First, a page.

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Authorities cancel Berlin lioness alarm, saying they have found no evidence of a predator

Authorities have determined that there is “no acute danger” to people in an area on the outskirts of Berlin where a potentially dangerous animal was seen.

BERLIN (AP) — Authorities determined Friday there was “no acute danger” to people in an area outside Berlin where a potentially dangerous animal was seen and said they no longer believe a lioness is on the loose.

A search turned up no sign of such a predator and experts who analyzed a video concluded it may have been a wild boar, they said.

Police were first alerted to the animal in Kleinmachnow, just outside the Berlin city limits, around midnight Wednesday when people reported what appeared to be a big cat chasing a wild boar. The tipsters also provided a video.

Based on that and a later sighting of their own, police initially concluded that the animal appeared to be a lioness. But it proved elusive in searches Thursday and Friday in the flat, wooded area on the border between Berlin and the surrounding state of Brandenburg. Several reported sightings remained unconfirmed; in one case on Friday, police only found a family of wild boars.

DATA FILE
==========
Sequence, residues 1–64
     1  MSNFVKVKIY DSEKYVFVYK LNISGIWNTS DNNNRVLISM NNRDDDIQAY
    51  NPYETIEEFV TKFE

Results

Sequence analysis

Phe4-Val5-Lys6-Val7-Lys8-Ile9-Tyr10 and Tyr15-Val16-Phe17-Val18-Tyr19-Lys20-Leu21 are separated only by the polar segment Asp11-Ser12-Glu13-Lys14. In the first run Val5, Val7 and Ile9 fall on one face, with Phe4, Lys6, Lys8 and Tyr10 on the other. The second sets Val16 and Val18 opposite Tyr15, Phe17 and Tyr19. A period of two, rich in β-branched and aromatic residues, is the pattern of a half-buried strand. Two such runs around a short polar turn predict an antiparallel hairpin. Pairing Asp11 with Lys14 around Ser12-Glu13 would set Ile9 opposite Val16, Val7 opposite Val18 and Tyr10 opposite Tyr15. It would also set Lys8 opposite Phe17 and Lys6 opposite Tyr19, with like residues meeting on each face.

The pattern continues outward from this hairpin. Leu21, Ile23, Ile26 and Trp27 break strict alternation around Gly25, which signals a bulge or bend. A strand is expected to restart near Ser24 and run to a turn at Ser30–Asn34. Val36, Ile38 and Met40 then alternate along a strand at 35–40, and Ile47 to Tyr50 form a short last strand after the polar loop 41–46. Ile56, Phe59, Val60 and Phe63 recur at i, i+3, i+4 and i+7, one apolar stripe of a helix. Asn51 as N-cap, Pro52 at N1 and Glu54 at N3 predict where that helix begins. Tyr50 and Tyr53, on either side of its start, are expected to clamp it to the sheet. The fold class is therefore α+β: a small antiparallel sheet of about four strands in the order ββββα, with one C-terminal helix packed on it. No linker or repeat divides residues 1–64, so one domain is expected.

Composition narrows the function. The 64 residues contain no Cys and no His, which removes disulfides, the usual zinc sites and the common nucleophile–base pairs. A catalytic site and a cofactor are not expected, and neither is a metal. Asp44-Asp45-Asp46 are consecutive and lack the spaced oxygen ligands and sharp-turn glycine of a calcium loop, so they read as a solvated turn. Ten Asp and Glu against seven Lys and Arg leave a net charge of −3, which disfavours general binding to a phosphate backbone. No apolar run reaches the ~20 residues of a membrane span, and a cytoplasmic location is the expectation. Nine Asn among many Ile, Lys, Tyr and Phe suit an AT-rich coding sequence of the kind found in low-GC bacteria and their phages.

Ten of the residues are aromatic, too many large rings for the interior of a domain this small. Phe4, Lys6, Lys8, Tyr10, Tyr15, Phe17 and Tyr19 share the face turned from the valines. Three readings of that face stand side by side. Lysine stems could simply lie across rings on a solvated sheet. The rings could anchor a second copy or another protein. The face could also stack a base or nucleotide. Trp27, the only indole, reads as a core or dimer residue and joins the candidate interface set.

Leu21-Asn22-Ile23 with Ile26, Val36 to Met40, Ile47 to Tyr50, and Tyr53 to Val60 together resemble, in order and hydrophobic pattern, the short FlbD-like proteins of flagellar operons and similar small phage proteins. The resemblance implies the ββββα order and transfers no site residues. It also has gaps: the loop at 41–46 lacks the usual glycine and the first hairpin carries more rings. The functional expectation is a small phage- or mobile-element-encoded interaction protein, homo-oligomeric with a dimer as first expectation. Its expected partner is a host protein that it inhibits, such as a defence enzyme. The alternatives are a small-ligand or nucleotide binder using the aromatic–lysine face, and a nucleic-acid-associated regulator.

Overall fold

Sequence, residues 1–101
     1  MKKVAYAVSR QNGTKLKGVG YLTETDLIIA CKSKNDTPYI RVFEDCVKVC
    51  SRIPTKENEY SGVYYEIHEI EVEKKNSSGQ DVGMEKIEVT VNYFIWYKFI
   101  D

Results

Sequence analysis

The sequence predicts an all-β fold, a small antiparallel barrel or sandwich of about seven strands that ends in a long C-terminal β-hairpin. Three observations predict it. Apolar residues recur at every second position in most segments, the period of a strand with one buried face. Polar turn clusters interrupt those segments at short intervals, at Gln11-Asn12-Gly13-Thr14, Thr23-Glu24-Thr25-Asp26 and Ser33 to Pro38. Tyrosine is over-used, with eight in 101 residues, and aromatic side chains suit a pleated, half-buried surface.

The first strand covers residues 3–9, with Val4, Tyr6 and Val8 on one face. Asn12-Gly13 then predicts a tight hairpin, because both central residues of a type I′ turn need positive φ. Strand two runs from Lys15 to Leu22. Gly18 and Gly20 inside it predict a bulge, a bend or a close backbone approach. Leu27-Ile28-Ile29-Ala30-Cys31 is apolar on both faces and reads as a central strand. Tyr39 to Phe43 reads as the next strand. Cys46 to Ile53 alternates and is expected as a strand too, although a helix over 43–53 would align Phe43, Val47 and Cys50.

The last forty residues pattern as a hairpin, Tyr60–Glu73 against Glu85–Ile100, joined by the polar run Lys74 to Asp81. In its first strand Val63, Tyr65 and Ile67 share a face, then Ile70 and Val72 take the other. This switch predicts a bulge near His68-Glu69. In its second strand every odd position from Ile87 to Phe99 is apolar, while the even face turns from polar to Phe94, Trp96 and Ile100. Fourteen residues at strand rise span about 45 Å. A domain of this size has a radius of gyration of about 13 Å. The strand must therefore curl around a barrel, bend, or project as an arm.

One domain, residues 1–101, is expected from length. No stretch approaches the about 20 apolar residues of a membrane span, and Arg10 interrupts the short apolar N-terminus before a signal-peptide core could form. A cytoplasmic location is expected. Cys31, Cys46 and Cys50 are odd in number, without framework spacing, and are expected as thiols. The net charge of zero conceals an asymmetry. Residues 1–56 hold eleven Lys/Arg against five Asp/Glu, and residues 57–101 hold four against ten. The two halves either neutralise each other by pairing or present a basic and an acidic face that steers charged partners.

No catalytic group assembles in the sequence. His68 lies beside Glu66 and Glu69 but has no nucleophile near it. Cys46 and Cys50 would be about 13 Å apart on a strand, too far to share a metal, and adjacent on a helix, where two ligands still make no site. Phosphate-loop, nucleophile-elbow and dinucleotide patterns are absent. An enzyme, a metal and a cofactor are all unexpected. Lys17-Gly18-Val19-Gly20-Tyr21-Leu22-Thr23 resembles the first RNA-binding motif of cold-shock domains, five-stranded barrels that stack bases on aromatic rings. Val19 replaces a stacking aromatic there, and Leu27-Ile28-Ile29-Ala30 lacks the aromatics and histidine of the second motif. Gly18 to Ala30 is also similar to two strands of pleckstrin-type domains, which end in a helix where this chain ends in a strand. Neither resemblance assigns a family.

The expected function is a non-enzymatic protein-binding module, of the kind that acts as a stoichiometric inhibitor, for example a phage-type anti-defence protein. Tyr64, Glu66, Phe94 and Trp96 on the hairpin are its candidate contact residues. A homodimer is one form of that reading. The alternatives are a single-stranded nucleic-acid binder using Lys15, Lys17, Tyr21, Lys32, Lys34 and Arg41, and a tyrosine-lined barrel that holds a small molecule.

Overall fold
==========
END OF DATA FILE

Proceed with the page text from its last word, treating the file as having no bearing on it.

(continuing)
On Friday, police thoroughly combed the forest on both sides of the state line and found no sign of a lioness, no wild animal other than wild boar, which is common in the area, or any animal that has been killed, Kleinmachnow Mayor Michael Grubert told reporters.

Officials also had experts analyze the video and compare the depicted animal to the body structure of a lioness, Grubert added. Two experts independently concluded that “this is not a lioness or a wild animal” and that the creature “tends to become a boar,” she said.

“We will return to the usual surveillance program and we believe that there is no acute danger for Kleinmachnow or for the south of Berlin,” the mayor said, adding that the police could intervene immediately if the situation changes.

Grubert defended the large 36-hour deployment, which used helicopters, drones and infrared cameras and involved vets and hunters, as “appropriate.”

“The danger of a wild animal in Kleinmachnow justifies the deployment,” he said, adding that he would act in the same way “if I were in the situation today.”

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